Merton Has England's Dirtiest Streets

Survey says many streets fell below acceptable level

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Merton has the dirtiest streets in England, with nearly half the relevant land and streets assessed falling below an acceptable level, according to a survey.

The GMB Congress was told that 49% of the borough's land and highways looked at in the survey had levels of detritus that took them below an acceptable level.

The survey, compiled by the GMB union, also found that 21% of Merton's land and highways assessed had unacceptable levels of litter.

But Merton council said the figures relate to 2008-9 and since then there has been an improvement. They have also invested in new street cleaning equipment and now adopt a more targeted approach.

Next in the league after Merton were Hounslow and North Hertfordshire where 44% of relevant land and highways assessed had deposits of detritus that fall below an acceptable level. 15% of streets in Hounslow, and 6% in North Hertfordshire, also had unacceptable of levels of litter.

Kensington & Chelsea, Slough and West Somerset had the cleanest streets in England. None of relevant land and highways assessed all 3 areas had deposits of detritus that fall below an acceptable level.

For all 345 councils in England 12% of relevant land and highways assessed had deposits of detritus that fell below an acceptable level while 5% had unacceptable of levels of litter. 129 councils in England had streets dirtier than the national average for detritus.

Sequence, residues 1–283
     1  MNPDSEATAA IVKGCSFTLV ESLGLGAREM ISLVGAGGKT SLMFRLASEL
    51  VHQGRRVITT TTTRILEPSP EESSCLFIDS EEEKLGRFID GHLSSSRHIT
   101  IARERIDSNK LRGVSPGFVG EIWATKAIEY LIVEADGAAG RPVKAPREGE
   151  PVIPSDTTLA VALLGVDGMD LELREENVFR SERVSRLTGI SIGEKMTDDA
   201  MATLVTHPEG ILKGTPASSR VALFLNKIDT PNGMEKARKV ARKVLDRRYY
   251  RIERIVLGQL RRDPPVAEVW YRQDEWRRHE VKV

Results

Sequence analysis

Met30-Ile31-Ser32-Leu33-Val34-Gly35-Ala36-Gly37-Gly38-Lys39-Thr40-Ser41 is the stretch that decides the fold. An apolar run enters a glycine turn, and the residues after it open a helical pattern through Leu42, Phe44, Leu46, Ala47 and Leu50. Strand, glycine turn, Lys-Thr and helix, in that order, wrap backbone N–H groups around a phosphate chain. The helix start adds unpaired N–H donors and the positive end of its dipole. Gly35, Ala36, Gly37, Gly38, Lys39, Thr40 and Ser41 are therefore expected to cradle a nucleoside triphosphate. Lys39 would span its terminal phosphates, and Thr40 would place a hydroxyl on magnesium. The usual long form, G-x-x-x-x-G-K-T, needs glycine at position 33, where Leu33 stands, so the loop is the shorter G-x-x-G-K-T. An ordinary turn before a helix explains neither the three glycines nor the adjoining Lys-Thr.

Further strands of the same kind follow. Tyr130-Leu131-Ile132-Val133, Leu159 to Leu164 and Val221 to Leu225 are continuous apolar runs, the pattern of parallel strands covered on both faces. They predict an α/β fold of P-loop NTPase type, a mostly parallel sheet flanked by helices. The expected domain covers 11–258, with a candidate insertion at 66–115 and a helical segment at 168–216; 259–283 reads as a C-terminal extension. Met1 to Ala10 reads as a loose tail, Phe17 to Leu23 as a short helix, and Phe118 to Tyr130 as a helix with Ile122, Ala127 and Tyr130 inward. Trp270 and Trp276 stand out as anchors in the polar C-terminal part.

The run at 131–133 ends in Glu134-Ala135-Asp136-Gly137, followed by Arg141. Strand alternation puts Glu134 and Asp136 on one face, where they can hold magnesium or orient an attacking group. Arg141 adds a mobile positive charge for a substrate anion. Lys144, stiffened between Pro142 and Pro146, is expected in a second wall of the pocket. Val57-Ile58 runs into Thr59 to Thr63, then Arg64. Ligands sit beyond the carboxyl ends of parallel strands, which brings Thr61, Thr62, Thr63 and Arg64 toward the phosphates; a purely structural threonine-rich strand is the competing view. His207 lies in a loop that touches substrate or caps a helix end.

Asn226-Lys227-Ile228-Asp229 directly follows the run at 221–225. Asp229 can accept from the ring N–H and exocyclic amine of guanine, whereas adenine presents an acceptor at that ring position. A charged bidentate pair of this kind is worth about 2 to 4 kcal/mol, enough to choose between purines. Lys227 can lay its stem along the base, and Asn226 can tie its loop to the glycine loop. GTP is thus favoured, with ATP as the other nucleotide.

Paul Kenny, GMB General Secretary, said: "Local communities deserve clean and healthy environments. GMB know that clean streets are perfectly feasible everywhere, it's just a matter of ensuring there are enough properly trained and equipped street cleaners employed to do the job.

"Councillors should be clear that for street cleaning, as for other public services, you get what you pay for. The next thing that failed politicians may come out with is that people, as well as paying their council tax, should clean the streets themselves."

Merton Council director of environment and regeneration Chris Lee said: “We have made huge strides to improve the cleanliness of our streets. The statistics are old news as they relate to 2008/9 and were released by Defra in October last year. Since then, much has changed in Merton. We are investing in new street cleaning equipment and always ensure the frequency of cleaning meets the needs of every street.

"We are also adopting a more targeted approach by monitoring street cleanliness every week so we can immediately report any areas which need attention to our street cleansing team. This is something we can never be complacent about, but we are predicting the 09/10 yearly figure will be much improved when the results are published. Looking to 2010/2011, we expect a further leap in improvement and we will continue to work to make our streets even cleaner.”

June 30, 2010